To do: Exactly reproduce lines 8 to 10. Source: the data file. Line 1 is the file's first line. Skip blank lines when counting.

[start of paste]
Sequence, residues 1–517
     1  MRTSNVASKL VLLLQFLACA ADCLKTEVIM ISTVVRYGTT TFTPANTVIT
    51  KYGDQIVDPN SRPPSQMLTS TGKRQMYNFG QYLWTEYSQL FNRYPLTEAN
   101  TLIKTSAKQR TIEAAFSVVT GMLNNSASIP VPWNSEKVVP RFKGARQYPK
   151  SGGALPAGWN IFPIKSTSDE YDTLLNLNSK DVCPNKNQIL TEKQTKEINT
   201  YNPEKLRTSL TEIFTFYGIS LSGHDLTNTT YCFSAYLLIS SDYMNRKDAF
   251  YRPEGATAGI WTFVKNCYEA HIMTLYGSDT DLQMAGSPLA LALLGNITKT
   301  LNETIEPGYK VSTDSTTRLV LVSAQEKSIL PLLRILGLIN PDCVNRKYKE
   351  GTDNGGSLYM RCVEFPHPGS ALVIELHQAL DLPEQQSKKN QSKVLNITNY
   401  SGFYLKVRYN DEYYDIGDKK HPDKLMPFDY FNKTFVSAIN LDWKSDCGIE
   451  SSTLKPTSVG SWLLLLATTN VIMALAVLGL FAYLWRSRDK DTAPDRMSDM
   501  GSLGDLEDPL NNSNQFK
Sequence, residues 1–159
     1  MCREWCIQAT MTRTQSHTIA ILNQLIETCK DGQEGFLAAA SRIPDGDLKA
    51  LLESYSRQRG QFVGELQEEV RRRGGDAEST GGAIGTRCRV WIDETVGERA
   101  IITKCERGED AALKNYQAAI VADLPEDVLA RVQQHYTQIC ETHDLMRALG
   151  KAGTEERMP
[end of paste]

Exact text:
   301  LNETIEPGYK VSTDSTTRLV LVSAQEKSIL PLLRILGLIN PDCVNRKYKE
   351  GTDNGGSLYM RCVEFPHPGS ALVIELHQAL DLPEQQSKKN QSKVLNITNY
   401  SGFYLKVRYN DEYYDIGDKK HPDKLMPFDY FNKTFVSAIN LDWKSDCGIE